I did great in school, too, right up until I dropped out of high school with one semester until graduation. I’m quite bright, you see; though I can’t play music to save my life. Working on trying again though. I played viola for two years. In retrospect some of my difficulties there were likely due to more than just not having a talent for music. I was having issues learning my notes and reading the music. “Issues” is putting it lightly. I was an extremely well behaved, disciplined kid, but as soon as I hit that roadblock (possibly my first real one outside of Mega Man boss fights) I broke down. I couldn’t do anything. I was paralyzed by the shame, or guilt, or maybe it was unbridled frustration. More than just frustration I was encumbered by a deep, unfeeling sadness. I had been sad before, of course, but this clung to my insides like a sickness. It still happens to this day and my academic and social life have suffered for it. I’ve lost entire semesters and squandered rare visits from dear friends. It’s only gotten worse as time has passed. At my absolute lowest there are times when I consider being just a little more reckless on my motorcycle. Just a little extra.

Just enough.

And then I’ll be fine a week and a half later. The storm will pass and I’m my usual chipper, leg twitchy self again. I’m coming off of one of those swings right now. I can function at my normal levels. I do my homework, pay my bills, text my friends and have a jolly laugh about stupid shit. That will last for about eight weeks and then back down the hill I go.

My research tells me that ADHD often manifests other disorders to go along with it, most often depression and anxiety. These are called “co-morbid” disorders, as they would not necessarily manifest without the enabling disorder. As a child I never would have noticed the patters and emotions for what they were. Even now, knowing what I know, on my upward spirals I sometimes entertain denial. But only entertain; never embrace. On rare occasion during my childhood I mentioned the depth of my sadness to my family. They listened, and were concerned, and even tried to cheer me up more often than not! But nobody recognized any deeper currents. As an adult I still find myself frustrated when I open up to my loved ones during my downward spirals. They still try to cheer me up, and – bless their ignorant hearts – offer to listen if I need to talk. But there’s nothing to talk about. I can’t negotiate with the clouds on my horizon. They come, bleed hollow sadness into my life, and then they leave.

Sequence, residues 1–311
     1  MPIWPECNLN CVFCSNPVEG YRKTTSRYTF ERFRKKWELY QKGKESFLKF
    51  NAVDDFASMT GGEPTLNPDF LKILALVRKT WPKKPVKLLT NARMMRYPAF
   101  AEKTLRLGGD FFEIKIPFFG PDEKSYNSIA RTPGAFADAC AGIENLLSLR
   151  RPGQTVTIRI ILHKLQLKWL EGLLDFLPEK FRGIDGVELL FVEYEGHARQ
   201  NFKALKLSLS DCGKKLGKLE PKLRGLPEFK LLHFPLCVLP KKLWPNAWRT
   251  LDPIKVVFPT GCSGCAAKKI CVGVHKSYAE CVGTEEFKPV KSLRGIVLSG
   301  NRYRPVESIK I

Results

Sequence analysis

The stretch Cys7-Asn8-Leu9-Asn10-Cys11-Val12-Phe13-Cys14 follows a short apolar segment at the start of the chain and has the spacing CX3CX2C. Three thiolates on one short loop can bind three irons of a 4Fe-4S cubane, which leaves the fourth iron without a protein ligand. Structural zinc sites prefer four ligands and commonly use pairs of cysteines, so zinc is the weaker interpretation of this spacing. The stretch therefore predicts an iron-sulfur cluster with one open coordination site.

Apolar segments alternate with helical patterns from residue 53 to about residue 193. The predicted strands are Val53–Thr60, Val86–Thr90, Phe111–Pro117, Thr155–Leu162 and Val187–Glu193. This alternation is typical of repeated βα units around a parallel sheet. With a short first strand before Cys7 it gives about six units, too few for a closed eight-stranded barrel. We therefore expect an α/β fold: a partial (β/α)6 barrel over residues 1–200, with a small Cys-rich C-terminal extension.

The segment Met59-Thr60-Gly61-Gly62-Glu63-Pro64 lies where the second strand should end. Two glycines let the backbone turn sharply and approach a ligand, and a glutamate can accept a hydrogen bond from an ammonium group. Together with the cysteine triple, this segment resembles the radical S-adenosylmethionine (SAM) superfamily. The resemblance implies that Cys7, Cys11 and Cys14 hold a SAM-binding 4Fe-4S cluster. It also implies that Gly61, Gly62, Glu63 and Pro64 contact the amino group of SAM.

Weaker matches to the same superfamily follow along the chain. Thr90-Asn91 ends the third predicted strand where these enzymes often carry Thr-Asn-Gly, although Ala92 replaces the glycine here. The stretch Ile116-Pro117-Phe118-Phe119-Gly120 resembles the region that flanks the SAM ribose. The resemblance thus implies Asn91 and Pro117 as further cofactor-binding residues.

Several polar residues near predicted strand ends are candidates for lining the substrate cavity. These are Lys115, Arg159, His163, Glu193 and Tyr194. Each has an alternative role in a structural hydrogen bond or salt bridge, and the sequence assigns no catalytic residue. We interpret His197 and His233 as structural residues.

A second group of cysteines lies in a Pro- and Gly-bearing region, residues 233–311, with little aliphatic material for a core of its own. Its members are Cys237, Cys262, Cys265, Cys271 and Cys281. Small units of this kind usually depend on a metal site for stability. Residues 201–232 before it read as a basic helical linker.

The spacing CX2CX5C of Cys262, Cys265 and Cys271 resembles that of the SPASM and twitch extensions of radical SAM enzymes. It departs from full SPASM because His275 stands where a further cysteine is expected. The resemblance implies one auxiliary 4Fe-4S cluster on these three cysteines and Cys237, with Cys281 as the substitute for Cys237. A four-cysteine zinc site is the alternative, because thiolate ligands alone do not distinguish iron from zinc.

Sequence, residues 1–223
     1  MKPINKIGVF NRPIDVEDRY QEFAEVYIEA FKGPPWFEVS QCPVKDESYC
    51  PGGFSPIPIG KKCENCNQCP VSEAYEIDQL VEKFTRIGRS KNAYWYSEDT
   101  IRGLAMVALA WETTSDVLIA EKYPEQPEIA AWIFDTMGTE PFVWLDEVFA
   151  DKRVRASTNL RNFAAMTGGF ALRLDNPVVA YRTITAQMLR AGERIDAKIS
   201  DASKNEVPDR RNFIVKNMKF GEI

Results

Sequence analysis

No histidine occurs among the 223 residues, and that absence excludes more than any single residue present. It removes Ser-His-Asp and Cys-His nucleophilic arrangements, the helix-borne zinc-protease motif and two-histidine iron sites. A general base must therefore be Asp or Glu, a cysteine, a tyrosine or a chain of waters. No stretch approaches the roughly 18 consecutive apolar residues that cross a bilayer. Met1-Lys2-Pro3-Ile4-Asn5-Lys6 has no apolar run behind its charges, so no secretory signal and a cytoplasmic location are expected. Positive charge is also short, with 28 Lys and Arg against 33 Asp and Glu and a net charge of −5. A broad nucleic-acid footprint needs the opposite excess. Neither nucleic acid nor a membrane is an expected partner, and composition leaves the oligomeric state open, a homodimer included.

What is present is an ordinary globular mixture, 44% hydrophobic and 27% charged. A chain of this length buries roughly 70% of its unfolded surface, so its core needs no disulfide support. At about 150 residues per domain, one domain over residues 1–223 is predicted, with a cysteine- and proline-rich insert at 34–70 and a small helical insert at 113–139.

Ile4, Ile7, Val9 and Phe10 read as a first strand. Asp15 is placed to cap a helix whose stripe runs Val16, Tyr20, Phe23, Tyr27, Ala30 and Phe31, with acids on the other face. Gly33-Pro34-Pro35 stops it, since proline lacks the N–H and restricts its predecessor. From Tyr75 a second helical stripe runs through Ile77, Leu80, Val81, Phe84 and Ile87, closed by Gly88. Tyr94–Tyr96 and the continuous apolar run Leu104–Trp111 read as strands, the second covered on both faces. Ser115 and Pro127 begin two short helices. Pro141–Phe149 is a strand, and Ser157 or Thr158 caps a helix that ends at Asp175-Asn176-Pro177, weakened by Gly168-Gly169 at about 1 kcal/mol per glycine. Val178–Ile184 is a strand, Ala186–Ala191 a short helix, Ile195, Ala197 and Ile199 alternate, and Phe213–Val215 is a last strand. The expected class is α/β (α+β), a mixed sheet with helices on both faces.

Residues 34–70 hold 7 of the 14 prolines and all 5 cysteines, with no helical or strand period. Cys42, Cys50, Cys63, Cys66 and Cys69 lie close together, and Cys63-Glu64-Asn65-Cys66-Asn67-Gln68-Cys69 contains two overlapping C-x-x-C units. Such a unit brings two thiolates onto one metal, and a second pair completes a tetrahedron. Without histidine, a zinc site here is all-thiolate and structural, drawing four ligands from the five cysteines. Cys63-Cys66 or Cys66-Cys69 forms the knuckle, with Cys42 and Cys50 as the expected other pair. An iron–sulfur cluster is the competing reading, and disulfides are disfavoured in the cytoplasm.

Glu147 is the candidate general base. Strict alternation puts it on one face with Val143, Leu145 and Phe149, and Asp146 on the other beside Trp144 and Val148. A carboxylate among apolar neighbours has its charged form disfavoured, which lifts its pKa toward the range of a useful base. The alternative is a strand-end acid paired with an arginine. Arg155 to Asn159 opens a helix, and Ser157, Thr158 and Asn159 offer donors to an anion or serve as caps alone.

I’ve finally mustered what resolve I have and am actively seeking a properly qualified professional for diagnosis. This is likely going to be expensive with no insurance. The cost now will hopefully be offset by future gains; my academic and employment futures no longer being in constant jeopardy should be relief enough to justify the expenditure.

For honesty and posterity I must confess that I have taken ADHD medication without a doctors prescription on more than one occasion. I must also confess that those were a couple of the best days of my life. Being clear, and calm, and focused, I moved from task to task with all the finesse of an ice skater. No depression awaiting me on the horizon. No anxiety. Just me and what the hell ever I wanted in my head at the time. Complete control over my mental and physical faculties. Complete bliss if ever I did envision it.

Thanks guys, for letting me vent this here. I didn’t intend my reply to be so enormous or personal, but here we are.

 

~ Rao